Search form

On the EDGE Conservation Launches YouTube Channel for Kids

Virtual Vloggers, Lexi the Aye Aye and Eric the Pangolin host weekly short-form diaries to engage and entertain young viewers while highlighting the realities of endangered species; Doppelganger technical collaborative provides cutting-edge real-time mocap technology to animate the characters.

On the EDGE Conservation (OTEC), a charitable foundation that promotes biodiversity and conservation, is building its recent debuts in mobile gaming and educational publishing with a series of anthropomorphic virtual influencers set to entertain and engage young YouTube audiences, while also highlighting their predicament as an overlooked endangered species.

OTEC’s new YouTube channel will host weekly, short-form video diaries posted by the first characters in the series: Lexi the Aye Aye and Eric the Pangolin. Tegan the Kakapo will join the group in the coming weeks. Each has its own Instagram profile, and Tik Tok channels will launch in February.

“My first vid ever! | Aye-aye Life #1”

To allow the characters to behave with the timeliness of influencers popular with kids aged 9-12 years old, OTEC has humanized them using a new form of motion-capture, where the face, hands and body movements are rendered simultaneously (instead of afterwards). This process enables animation in real-time, delivering the pace and feel of a classic vlogger.

“How to start a vlog? – Pangolin Report No.1”

These virtual influencers are the brainchild of experienced content-maker Bruna Capozzoli. She has invented modern-day lifestyles for the characters and commissioned Emmy award-winning screenwriting partnership, Mark Huckerby and Nick Ostler to create culturally relevant storylines that will resonate with kids. For example, Lexi the Aye Aye is a wannabe superstar DJ living in London, while Eric the Pangolin is studying environmental science at Uni.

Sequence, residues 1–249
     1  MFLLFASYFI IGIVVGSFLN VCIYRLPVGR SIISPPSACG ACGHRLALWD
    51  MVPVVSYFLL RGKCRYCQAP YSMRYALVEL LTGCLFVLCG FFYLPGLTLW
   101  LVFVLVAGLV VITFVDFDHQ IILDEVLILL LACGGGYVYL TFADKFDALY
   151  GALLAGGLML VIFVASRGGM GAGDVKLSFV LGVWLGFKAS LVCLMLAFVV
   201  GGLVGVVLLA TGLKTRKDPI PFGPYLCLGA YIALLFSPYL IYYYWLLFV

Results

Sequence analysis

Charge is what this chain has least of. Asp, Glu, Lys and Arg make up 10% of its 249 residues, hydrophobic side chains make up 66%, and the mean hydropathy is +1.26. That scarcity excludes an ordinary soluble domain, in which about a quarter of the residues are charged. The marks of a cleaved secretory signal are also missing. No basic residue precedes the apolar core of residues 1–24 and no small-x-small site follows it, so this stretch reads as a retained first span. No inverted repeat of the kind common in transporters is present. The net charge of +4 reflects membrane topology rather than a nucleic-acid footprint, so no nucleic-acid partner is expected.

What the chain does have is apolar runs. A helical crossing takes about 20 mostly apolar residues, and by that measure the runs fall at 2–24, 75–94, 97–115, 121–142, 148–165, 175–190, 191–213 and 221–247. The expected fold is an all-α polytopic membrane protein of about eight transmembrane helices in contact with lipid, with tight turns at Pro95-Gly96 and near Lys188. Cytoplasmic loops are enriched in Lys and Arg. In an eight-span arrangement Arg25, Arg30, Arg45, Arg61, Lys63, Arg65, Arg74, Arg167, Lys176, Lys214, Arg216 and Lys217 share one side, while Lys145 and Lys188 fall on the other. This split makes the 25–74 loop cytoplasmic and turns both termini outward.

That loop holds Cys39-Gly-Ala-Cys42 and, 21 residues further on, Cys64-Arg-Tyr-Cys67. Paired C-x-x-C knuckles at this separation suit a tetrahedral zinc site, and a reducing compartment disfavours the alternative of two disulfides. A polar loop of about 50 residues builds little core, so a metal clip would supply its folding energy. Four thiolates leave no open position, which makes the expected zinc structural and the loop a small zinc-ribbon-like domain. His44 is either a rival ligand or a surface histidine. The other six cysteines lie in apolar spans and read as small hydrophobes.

“In this project we have really evolved our storytelling,” commented Capozzoli. “Through the beauty of virtual influencers, we have surpassed relaying retrospective news and moved towards cultural commentary. The key to ensuring our characters could evolve and gain lives of their own was mastering the technology that sits behind motion capture.”

As an extension of the foundation’s disruptive approach to the traditional model of conservation work, OTEC has ambitious plans to leverage its IP in the future across different channels including licensing, third-party brand collaborations and co-produced content.

The adopted motion-capture pipeline was designed by Doppelganger, a collaborative of technical specialists who came together to deliver OTEC’s brief for this project. In addition to using motion capture data to control the character 3D model live, Doppelganger used cutting-edge technology to capture data from face, hands, and body movement together at the same time, which is usually combined afterwards.

The On the EDGE YouTube channel follows the launch of mobile game, Kakapo Run, and underpins its ambition to promote biodiversity differently. By using popular digital platforms, OTEC hopes to inspire and engage a growing number of young activists to champion all the diversity of life in our natural world.

“By giving a voice to unfamiliar but endangered animals through modern story-telling techniques, we will promote biodiversity as something to be celebrated in pop culture,” explained OTEC founder and CEO, Beth Blood. “The characters in our animation are delightful and surprising, making refreshing new spokes-animals for the wonders of the natural world and the challenges it faces.”

Source: On the EDGE Conservation

randomness